Cliff Green.

One of Australia’s most distinguished screenwriters, Cliff Green (Picnic At Hanging Rock) died on Friday following a long illness. He was 85. Here, Mac Gudgeon and Roger Simpson pay tribute to his life and career.

Cliff Green was a pioneer in Australian screenwriting and a central figure in the Australian Writers’ Guild’s (AWG) early development. His television credits include his celebrated quartet, Marion, inspired by his time as a school teacher in the Mallee, and the sprawling adaptations, Power Without Glory and I Can Jump Puddles. His screenplay for Peter Weir’s Picnic At Hanging Rock remains a landmark in Australia’s film renaissance of the 1970s.

Though one of Australia’s most sought-after writers, Cliff never hesitated to give his time to the guild in an era when the organisation, with only two full-time employees, depended entirely on the efforts of its members and the leadership of its most prominent practitioners. As the force behind the guild’s first national conference, Cliff’s reforms led to state representation, encouraging the spread of membership beyond Sydney and Melbourne. As a delegate to the Affiliation Of English Speaking Writers Guilds, Cliff applied lessons learned in the UK and America to how the AWG operated here.

Former AWG president and vice president Mac Gudgeon recalls: “I first sighted Cliff at a particularly rambunctious guild meeting in the 1980s. Of course I knew of him, how could I not? His writing had entertained and moved my family and I through the adolescent years of Australian television drama. Marion, Matlock, Homicide, Power Without Glory, I Can Jump Puddles, Boy Soldiers were just the start. He seemed to be able to write any genre and his early working years as a country school teacher and his love for Australian writers, especially Henry Lawson, and our vernacular, gave the myriad of characters he created over decades of writing an authenticity, be they male, female, bushie or city-slicker. But his humanitarian heart was always with the downtrodden and powerless, be they poor Irish Catholics in the slums of Collingwood in Power Without Glory or the Boy Soldiers of the First World War. Cliff was a strong believer in strength in unity.”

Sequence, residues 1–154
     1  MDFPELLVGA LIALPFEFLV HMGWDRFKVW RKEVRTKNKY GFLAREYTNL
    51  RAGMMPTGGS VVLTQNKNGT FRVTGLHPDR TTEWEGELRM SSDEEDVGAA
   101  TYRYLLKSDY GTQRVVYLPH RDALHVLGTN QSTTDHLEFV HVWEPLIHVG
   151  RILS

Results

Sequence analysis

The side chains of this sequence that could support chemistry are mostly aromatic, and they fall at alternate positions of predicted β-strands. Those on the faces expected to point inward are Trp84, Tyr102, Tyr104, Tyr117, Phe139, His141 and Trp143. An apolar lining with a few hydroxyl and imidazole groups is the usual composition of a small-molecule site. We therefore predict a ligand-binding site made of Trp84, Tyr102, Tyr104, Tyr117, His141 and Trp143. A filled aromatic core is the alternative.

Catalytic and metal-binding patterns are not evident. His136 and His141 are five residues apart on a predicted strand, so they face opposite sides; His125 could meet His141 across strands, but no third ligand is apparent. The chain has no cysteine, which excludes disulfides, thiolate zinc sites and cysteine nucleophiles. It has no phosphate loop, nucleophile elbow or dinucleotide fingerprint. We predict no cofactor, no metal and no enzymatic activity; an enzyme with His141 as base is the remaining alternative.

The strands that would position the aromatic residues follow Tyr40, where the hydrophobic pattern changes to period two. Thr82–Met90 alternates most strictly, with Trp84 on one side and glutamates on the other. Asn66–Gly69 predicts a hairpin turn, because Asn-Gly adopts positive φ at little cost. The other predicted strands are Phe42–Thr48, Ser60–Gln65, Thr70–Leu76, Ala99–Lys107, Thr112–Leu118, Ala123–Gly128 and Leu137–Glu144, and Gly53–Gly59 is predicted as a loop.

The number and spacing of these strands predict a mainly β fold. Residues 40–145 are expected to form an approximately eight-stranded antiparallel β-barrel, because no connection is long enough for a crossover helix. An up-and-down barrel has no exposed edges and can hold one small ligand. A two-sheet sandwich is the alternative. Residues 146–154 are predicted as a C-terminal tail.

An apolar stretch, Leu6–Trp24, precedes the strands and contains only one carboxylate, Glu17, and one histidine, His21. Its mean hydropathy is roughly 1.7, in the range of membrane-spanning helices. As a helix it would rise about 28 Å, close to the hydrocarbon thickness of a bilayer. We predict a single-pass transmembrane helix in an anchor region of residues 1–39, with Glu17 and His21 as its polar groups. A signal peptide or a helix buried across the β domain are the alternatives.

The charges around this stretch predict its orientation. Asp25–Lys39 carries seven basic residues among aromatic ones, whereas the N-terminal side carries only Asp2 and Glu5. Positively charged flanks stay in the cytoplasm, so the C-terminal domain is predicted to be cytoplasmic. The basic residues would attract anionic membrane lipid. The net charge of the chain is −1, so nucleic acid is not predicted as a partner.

Strength in unity! It’s what made Cliff such a great stalwart and believer in the guild and all it stands for. The fight for writers’ rights and the right of all Australians to hear their voices on our stages and screens. Though small in stature with a boyish face, those who knew him remember what a warrior he was when it came to advocating for writers and the Australian voice. It’s a voice that shone through in his writing. And it’s what made him such a brilliant writer.

Cliff had always wanted to be a writer. As a young boy he had pieces published in The Junior Age (a special section of the daily publication). At the time he boasted he got more for writing for the paper than his mates did for delivering it.

Throughout his illustrious career, Cliff won or was nominated for dozens of industry awards, including eight AWGIES, as well as receiving an International Emmy Nomination, an Australian first, for Boy Soldiers. In 1990 he was awarded the Richard Lane Award, the guild’s highest honour for Outstanding Services and Dedication to the AWG. In 2009 he received the Order of Australia Medal (OAM) for ‘Service to the Australian Film and Television Industry as a Screenwriter and Educator’.

Cliff died on Friday December 4, 2020 after a long illness. He leaves an impressive body of work and a strong Guild he helped guide and develop through its early years. The AWG extends its condolences to his wife Judy, their children and extended families. Cliff Green was 85.

The Australian Writers’ Guild invites all members to take a moment to remember Cliff Green during the In Memoriam at tonight’s presentation of the 53rd Annual AWGIE Awards. Cliff’s life, career and service to the Guild will be officially commemorated and celebrated at the next AWGIE Awards.

This tribute has been republished with the permission of the Australian Writers’ Guild.

Join the Conversation

1 Comment

  1. I remember walking out of “Picnic at Hanging Rock”at the Cannes Film Festival—I was mesmerized and part of that enjoyment was the nuanced screen play that perfectly expressed Rachel Roberts character and the bewilderment of the school,, police and townsfolk; while creating an armature for the visuals and music.
    Still masterful. My condolences to his family and friends. He sounds a lovely man.

Leave a comment

Your email address will not be published. Required fields are marked *